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18 Fearless Years


Gary Barg - Editor-in-chiefBoard of Directors’ Meeting: Nutrition

The topic of this communique reminds me of walking into my mom’s kitchen as she was caring for my dad, who was living with multiple myeloma (bone marrow cancer) in the early 1990s. My dad, like so many people living with cancer, was not at all interested in eating—mostly due to the effects of chemotherapy, which can include lack of appetite, nausea, changes in taste and difficulty swallowing. Yet, proper nutrition was vital to ensuring the best possible results from his medical regime.

When I walked into Mom’s kitchen in those days, it was like walking into a mad scientist’s laboratory. She was desperately trying to make any sort of nutritional concoctions she could think of to ensure he would eat and keep his weight up.  Although she’s a terrific cook and he was able to eat solid foods, she had no background in dietary nutrition, so everything was painstaking trial and error.

Our loved one’s nutrition is of primary importance to their health and well-being, yet for so many of us, it is still a real challenge to be able to address this situation with our Caregiver Board of Directors. So, what better topic for our fourth in the series of communiques?

The Caregiver Board of Directors’ Meetings, of course, refer to us being able to take advantage of the time we will spend with our fellow adult family members throughout the holidays to conduct meaningful meetings about important topics pertaining to our loved one’s care.

It only makes sense that if you are the CEO of Caring for My Loved One, Inc., your family members who are not involved with the day-to-day details of caring for your shared loved one are, in effect, your Board of Directors (for better or for worse).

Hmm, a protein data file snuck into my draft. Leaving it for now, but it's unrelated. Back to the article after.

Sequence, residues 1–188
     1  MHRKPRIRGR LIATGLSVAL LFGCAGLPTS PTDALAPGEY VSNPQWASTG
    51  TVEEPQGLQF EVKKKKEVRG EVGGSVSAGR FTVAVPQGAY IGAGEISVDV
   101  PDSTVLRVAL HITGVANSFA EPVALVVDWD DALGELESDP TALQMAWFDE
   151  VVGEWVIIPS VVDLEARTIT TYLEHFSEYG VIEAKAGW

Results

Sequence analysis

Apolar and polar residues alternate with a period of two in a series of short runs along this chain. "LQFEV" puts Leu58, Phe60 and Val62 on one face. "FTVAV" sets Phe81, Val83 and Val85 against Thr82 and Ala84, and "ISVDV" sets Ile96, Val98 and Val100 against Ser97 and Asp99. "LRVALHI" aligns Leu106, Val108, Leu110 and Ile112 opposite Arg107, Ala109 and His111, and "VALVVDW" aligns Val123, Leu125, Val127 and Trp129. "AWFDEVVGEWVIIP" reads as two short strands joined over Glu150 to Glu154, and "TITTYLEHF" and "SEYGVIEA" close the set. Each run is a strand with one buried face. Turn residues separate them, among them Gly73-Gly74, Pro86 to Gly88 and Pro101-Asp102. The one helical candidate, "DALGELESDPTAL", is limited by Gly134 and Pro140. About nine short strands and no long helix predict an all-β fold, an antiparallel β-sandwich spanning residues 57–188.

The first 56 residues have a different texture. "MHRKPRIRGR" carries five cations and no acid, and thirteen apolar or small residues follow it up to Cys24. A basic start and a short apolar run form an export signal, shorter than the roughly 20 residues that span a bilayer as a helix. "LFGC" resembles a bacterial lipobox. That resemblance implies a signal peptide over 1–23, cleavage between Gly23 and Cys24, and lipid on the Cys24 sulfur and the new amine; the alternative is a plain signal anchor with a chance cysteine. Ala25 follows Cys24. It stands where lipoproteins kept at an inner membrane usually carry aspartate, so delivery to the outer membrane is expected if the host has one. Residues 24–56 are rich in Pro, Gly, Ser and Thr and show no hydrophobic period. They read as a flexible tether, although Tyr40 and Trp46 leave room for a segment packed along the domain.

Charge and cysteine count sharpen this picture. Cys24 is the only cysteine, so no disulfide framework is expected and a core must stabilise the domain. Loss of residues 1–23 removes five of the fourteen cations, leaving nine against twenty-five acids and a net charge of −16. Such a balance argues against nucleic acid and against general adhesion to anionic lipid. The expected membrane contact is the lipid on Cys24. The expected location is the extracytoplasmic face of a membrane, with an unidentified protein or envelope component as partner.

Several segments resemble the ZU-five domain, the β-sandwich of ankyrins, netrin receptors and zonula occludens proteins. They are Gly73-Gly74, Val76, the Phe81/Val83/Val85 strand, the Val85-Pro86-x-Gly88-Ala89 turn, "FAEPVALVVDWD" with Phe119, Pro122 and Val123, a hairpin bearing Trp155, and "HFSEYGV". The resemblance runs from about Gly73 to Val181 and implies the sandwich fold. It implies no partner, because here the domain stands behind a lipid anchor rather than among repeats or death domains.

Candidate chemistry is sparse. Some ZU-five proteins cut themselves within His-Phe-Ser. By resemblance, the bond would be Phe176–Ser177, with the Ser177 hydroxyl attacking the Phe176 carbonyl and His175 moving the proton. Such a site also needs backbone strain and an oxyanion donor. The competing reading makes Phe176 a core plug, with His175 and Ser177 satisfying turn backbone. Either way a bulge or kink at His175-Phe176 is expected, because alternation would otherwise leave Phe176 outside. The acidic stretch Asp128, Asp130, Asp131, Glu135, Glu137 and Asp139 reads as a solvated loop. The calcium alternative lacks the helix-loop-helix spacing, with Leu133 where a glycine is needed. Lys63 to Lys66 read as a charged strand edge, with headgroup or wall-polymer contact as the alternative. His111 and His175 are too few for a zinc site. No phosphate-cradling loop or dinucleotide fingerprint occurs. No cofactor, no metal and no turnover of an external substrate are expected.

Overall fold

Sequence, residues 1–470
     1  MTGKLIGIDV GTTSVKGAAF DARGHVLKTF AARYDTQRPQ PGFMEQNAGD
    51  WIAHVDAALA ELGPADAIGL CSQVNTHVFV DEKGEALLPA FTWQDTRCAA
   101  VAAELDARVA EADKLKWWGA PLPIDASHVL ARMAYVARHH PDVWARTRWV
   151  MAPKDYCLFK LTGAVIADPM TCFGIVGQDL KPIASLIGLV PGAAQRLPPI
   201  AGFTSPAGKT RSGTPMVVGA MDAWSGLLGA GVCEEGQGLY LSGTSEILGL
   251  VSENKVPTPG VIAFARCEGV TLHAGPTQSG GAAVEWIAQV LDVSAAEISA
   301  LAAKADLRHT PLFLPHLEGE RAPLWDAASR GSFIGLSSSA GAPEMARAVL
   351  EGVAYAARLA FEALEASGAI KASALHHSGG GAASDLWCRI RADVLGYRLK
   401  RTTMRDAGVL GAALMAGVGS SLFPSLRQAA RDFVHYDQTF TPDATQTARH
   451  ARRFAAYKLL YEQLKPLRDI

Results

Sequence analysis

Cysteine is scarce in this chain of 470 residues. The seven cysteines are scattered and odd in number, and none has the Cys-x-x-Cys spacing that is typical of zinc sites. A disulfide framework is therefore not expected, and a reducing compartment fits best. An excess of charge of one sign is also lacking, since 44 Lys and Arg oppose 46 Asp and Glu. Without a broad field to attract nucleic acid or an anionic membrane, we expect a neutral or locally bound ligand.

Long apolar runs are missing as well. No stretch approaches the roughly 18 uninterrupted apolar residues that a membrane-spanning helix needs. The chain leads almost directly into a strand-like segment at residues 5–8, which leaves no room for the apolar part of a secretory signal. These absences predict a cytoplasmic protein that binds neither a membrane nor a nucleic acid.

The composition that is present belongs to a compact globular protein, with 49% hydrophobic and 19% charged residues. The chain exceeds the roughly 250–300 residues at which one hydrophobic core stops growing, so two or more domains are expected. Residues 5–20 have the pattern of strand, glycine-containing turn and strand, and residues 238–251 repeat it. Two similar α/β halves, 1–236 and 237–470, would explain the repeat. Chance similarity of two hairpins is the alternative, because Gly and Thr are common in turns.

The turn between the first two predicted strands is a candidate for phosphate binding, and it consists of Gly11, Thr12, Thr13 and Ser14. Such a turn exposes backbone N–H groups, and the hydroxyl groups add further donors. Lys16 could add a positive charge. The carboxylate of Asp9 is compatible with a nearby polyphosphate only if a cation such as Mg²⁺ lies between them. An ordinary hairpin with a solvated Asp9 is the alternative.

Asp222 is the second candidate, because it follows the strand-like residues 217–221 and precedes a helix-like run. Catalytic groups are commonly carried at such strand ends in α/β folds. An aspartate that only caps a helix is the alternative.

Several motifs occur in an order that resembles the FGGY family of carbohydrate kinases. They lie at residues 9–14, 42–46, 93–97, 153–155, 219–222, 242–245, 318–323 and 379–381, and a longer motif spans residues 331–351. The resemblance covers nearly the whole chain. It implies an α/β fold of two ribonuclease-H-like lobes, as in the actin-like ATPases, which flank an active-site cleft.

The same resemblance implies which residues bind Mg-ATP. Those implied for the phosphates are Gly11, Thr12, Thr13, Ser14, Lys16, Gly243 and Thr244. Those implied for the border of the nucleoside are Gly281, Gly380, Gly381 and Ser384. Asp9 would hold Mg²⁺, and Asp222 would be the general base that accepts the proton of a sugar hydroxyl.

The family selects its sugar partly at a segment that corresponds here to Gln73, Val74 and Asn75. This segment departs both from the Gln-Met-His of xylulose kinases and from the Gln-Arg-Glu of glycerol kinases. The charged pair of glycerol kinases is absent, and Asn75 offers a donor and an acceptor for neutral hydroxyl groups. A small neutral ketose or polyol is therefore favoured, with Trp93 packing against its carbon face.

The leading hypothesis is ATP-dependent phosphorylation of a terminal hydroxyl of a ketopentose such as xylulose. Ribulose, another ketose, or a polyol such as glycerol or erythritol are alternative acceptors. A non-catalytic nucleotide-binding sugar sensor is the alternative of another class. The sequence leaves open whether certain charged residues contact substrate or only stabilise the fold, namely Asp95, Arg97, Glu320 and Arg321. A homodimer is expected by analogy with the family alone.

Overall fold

• Discuss the challenges that your mutual loved one faces regarding eating, whatever the cause.

  • Discuss the options of helping your mutual loved one receive nourishing meals designed to support their immune system and medical conditions while keeping their specific likes and dislikes in mind.

  • Talk with them about the challenges associated with cancer-related weight loss, since excessive weight and muscle loss can adversely affect a person’s response to cancer therapy. The earlier a person with cancer begins a menu specifically designed to help promote weight gain, the easier it may be to manage or even hold off cancer-related weight loss.

  • Discuss the value of partnering with a certified nutrition professional. Significant evidence indicates that people living with cancer can benefit greatly from counseling with a registered dietitian.

By understanding the importance of nutrition in the treatment of cancer, applying useful strategies and utilizing available support, you can help your loved one living with cancer enjoy their meals, regain weight and reclaim quality of life.

Now, that’s a delicious thought.


Gary Barg
Today's Caregiver magazine
Board of Directors Columns
Monday November 26, 2012


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